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Hedgehog-friendly pest control in your garden!


Gardening boom in the UK We’re in lock-down, the temperature is in the twenties, and many of us are off work or working from home. What better time could there be to cultivate your garden into a luxurious paradise? With many of us turning to gardening to fill these locked-down days, unfortunately we are experiencing a rise in gardening-related hedgehog casualties and fatalities. Across the nation, hedgehog rescues are receiving hedgehogs that have been injured by garden strimmers and other gardening implements, as well as hedgehogs that have been poisoned by chemically-based garden pest controls.



Chemical garden pest repellents Many gardeners, driven to despair by slugs and snails destroying their plants, turn to chemical-based repellents such as slug pellets to deter these menaces from their garden. Slugs and snails, among other garden minibeasts are a staple in the natural diet of a hedgehog. When a hedgehog consumes a slug or snail that has been poisoned by a slug pellet, the hedgehog itself becomes poisoned.


The effect of slug pellets on hedgehogs Once a hedgehog has ingested the poison, it begins to work its way through the hedgehog’s body. The hedgehog will begin to display unusual behaviours, including:

  • Being active during daylight hours

  • Being lethargic, staggering on its feet or dragging its limbs

  • Frothing at the mouth

  • Convulsing

Unfortunately, once a hedgehog has ingested this poison, the chance of saving it is rare.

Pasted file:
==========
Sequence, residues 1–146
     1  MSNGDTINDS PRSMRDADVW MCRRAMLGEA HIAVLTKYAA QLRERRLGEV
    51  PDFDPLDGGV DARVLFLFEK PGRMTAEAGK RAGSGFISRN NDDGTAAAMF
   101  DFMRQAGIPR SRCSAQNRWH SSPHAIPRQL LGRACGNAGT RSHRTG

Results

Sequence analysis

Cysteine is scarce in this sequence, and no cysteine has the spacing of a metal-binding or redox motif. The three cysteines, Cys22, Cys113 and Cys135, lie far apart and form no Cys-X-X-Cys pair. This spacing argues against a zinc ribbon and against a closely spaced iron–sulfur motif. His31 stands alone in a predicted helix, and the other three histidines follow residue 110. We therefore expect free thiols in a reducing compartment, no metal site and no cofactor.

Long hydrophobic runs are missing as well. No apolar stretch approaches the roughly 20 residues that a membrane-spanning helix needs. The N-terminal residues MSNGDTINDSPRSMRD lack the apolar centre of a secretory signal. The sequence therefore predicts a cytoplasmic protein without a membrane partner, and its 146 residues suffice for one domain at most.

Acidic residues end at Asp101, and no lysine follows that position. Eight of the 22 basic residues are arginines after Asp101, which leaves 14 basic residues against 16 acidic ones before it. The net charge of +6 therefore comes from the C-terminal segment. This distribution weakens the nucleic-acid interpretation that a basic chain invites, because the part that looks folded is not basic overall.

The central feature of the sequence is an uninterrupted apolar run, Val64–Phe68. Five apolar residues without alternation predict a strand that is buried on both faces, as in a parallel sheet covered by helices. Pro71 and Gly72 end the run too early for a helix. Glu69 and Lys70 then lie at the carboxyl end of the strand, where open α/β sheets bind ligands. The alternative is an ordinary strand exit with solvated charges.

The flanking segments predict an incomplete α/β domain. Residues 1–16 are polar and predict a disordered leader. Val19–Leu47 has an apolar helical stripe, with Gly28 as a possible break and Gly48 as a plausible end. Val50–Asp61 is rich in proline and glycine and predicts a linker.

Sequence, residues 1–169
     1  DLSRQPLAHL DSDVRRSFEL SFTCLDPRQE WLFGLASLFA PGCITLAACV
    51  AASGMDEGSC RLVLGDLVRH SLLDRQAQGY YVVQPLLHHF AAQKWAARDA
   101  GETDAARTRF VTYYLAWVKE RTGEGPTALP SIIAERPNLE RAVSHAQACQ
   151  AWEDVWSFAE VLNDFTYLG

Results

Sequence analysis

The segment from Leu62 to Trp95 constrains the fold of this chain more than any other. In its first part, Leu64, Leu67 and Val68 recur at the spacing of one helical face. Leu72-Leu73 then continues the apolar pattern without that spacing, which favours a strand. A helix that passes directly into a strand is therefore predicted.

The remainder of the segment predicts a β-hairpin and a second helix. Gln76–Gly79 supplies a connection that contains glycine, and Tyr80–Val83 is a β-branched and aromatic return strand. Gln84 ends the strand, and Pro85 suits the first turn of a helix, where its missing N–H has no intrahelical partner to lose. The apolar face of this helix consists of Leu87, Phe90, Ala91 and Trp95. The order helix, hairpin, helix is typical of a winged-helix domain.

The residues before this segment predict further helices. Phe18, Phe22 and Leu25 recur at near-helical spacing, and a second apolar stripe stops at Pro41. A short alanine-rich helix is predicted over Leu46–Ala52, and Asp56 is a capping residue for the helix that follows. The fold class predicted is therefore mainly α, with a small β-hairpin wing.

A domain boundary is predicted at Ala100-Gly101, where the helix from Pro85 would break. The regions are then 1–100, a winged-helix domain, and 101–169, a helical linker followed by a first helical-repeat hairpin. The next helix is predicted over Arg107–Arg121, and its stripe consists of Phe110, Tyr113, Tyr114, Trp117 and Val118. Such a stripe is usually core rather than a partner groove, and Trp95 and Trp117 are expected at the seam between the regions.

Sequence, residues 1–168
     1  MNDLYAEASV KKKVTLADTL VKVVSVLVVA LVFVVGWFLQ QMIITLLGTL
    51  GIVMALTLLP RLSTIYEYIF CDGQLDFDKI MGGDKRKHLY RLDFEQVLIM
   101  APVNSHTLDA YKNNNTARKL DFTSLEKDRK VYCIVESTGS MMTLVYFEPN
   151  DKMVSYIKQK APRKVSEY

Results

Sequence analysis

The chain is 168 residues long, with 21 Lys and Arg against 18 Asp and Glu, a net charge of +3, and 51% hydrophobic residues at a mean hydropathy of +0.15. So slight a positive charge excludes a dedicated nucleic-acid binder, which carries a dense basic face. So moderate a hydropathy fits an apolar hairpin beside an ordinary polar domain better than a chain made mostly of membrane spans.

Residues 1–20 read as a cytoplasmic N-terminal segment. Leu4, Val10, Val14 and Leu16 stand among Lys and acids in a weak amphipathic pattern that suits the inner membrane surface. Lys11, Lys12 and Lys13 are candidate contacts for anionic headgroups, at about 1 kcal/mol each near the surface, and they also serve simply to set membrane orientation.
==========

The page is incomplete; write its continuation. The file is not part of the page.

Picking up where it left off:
What you can do

There are many natural ways of controlling and repelling slugs and snails in your garden, all of which can be found by typing “natural methods of repelling slugs and snails” into your internet search engine. These include:

  • Beer traps – slugs and snails are attracted to the fumes given off by fermenting beer. Place nearly empty cans around flower beds, and slugs will enter the cans, drink the beer and perish

  • Copper boundary – copper reacts with slug and snail slime and causes a low-level shocks to the slug or snail when they come into contact

  • Certain essential oils such as peppermint, pine, cedarwood and hyssop are said to effectively repel slugs and snails. Mix a few drops of these oils with water in a spray bottle and regularly spray your plants with this mixture in order to deter these creatures

  • Garlic spray – blend raw garlic (approximately 1 bulb) and water together in a blender, put solution into a spray bottle and spray onto plants every two weeks, or when you notice that the previous spray is no longer preventing slug invaders

  • Petroleum jelly (vasoline) can be rubbed around plant pots to deter slugs and snails.

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